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Author Topic: Spring management of stacked nuc  (Read 463 times)
cinch123
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« on: April 05, 2013, 02:39:30 PM »

I have a four-story 6-frame medium setup with a colony that made it through the long NE Ohio winter. I have not done a full inspection on them yet, but from peeking at them I see bees covering the tops of four frames in the third box. Fourth box is still full of honey. I don't know how far down the cluster goes. I would like to use this colony for honey production this year, as my other (2012 package bee) colonies died during the winter months. I'd like to move them out of these 6-frame boxes into a 10 frame hive. When I get into the hive, if I find brood split between two boxes, should I move everything into a single box, or is it better to keep the cluster structure intact and put them in two boxes, but with all that extra room on either side of the cluster?
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Finski
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« Reply #1 on: April 05, 2013, 02:56:24 PM »

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So you have 24 medium frames, of which 6 are capped honey frames.

You have  frames to 2  normal medium boxes.

Get a normal medium size hive, and move frames to. Put brood frames into top box.

Did you treat hive against varroa?

Take care that the hive has allways 2 - 3 frames food. But don't keep in spring too much food. It limits the laying space.


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cinch123
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« Reply #2 on: April 05, 2013, 08:30:42 PM »

OK that's the kind of advice I was looking for. When I move the brood and bees to the new hive top box along with a couple extra food frames, what should I put in the bottom box? Just some drawn comb frames?

I have not treated them for varroa. They had an extremely low mite count in fall.
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Finski
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« Reply #3 on: April 06, 2013, 05:53:46 AM »

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I know that there is no "extremely low" level of varroa and there is no so low level of varroa that you need not treat the hives.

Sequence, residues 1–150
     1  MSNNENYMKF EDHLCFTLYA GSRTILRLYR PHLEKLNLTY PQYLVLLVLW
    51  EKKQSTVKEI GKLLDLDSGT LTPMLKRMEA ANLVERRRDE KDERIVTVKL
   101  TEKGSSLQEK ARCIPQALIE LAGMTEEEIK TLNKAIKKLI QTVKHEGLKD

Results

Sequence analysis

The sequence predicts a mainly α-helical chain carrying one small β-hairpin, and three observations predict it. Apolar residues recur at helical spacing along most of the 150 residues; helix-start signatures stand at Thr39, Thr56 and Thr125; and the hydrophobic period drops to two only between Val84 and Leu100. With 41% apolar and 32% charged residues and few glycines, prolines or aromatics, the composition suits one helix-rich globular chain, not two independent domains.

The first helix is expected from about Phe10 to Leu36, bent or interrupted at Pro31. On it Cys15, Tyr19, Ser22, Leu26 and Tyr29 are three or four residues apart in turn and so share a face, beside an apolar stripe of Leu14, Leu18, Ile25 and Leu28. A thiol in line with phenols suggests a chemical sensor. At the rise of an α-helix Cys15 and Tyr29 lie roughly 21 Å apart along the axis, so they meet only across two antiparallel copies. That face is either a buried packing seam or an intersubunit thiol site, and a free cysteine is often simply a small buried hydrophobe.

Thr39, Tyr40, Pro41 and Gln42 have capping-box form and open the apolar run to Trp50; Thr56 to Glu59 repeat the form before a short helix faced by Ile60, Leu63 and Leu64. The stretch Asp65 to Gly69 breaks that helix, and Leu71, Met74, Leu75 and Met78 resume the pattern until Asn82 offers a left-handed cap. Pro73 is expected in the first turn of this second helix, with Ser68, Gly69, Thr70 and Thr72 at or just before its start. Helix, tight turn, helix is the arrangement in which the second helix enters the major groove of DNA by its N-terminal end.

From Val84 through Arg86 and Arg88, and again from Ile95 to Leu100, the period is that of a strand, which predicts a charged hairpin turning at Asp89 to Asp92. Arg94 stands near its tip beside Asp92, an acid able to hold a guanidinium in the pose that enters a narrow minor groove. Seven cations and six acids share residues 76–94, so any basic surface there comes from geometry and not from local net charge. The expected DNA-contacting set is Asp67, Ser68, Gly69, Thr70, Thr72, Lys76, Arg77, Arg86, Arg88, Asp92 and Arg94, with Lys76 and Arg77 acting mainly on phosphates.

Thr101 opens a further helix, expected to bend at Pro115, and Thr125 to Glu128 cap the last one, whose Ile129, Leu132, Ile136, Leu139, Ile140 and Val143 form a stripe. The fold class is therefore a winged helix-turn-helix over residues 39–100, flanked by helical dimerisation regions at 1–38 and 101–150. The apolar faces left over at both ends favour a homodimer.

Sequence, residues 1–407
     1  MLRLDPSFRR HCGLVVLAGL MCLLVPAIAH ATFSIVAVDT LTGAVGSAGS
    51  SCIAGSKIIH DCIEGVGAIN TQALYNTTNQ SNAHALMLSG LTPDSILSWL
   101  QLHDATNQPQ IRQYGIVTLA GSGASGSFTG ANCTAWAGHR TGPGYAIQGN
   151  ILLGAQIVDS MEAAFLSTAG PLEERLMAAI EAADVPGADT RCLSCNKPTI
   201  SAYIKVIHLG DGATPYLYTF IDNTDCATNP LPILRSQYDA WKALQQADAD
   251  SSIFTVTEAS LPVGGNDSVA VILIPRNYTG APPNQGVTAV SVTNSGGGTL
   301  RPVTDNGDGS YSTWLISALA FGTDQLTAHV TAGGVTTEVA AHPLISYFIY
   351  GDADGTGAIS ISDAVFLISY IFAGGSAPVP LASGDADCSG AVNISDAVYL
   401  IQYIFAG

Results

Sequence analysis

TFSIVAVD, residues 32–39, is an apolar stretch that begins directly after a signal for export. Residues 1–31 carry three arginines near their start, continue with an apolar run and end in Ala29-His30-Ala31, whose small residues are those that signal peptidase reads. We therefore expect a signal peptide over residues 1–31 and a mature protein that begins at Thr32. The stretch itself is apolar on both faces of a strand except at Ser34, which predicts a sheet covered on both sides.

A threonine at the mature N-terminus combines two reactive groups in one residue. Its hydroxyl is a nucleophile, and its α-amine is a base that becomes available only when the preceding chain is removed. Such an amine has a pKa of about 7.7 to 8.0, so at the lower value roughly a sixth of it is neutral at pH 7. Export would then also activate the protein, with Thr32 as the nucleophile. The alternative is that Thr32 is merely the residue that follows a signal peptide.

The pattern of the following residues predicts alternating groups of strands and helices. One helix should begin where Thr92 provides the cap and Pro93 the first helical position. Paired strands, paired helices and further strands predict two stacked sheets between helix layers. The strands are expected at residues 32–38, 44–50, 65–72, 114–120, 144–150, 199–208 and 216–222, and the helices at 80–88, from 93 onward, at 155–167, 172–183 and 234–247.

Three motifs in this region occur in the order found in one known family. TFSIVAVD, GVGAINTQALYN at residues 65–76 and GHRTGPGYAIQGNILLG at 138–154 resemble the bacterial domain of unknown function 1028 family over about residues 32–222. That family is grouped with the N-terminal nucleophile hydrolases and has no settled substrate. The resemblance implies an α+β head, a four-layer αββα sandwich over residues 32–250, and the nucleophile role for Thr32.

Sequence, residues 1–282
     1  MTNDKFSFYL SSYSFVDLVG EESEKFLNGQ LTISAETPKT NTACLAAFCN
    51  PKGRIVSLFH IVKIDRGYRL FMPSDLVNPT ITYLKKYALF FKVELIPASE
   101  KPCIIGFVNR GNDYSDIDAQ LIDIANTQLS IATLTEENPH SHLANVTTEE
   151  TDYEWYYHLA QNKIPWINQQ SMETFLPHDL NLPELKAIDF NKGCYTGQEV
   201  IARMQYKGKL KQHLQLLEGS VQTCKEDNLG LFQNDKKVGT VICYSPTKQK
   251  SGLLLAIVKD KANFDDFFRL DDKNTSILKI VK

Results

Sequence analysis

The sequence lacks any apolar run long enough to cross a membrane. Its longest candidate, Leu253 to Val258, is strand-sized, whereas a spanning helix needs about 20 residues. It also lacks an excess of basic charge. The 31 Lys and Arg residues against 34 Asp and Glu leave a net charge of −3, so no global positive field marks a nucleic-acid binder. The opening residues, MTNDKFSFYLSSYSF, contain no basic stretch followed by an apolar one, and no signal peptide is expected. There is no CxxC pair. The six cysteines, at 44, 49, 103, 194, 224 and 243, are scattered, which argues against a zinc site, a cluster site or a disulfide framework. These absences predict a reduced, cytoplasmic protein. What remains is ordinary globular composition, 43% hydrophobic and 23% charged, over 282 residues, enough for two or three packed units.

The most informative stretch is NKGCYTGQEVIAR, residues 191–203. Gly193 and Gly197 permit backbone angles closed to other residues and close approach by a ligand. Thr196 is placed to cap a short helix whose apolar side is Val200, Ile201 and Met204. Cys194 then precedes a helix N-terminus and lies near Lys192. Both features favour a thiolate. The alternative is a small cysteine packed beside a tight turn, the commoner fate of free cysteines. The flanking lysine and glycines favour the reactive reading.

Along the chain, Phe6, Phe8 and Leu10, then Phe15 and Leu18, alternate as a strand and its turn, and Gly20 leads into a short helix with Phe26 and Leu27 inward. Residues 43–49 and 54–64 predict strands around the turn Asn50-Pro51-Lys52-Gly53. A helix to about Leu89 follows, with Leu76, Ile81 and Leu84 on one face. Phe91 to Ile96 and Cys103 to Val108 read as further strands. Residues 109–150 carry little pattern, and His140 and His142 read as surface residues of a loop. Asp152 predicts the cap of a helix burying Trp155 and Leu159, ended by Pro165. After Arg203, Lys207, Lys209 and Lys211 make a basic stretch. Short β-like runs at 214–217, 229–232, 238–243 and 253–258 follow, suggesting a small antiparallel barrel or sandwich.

10 mites will be 1000 mites 6  months later. Perhaps you have read  a research that "among untreated hives winter losses were 66%."

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One drone pupa produces 10 fertile mites. 10 frames with one pupa in each  produces 100 mites. So it goes.

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Orlando
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« Reply #4 on: April 06, 2013, 06:58:56 AM »

--10 mites will be 1000 mites 6  months later. Perhaps you have read  a research that "among untreated hives winter losses were 66%"--

 I would guess that the long term goal for those who dont treat is to breed from the 34% and eventually have a more varroa resistant stock. With the end result being a high percentage of survivors.

That 66% # would also contain a number of variables not related to varroa treatment.

I might have read the winter was really hard on everyone.
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Finski
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« Reply #5 on: April 06, 2013, 09:35:54 AM »



 I would guess that the long term goal for those


perhaps.  mite tolerant bee breeding has lasted at least 20 years and things have become worse.

If hobby beekeepers want to sacrifise their hives to "the long term goal" like in communism, no one can help.

Like one guy said "let them kill their hives. I sell them new ones in spring."

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Orlando
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« Reply #6 on: April 06, 2013, 03:39:06 PM »

I believe your communism analogy might be a bit out of context....

I guess that is the beauty of individual liberty vice communism, we are free in this country to make different choices and form various opinions.

The treat dont treat debate Im sure will go on for some time. The individual is best encouraged to research the pros/cons of both and choose a methodology
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Finski
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« Reply #7 on: April 06, 2013, 05:24:29 PM »

I believe your communism analogy might be a bit out of context....


Yes, it was really hard to invent but finally I almost succeeded...

After third generation communists tired to wait for better life.

In bee life bees have not tired to wait better life after 20 generations.
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cinch123
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« Reply #8 on: April 06, 2013, 08:45:51 PM »

How did this thread become a petty argument about mite treatment and communism? I never said I wasn't going to treat this hive - just that it wasn't treated in the fall because the mite count on a sticky board was very low and there were no mites on the drone brood I pulled. And lo and behold - this hive survived the winter. I'll check for mites again and make a decision on treatment.

Thank you for the advice on moving my nuc to a full hive - that's what I came here to find.
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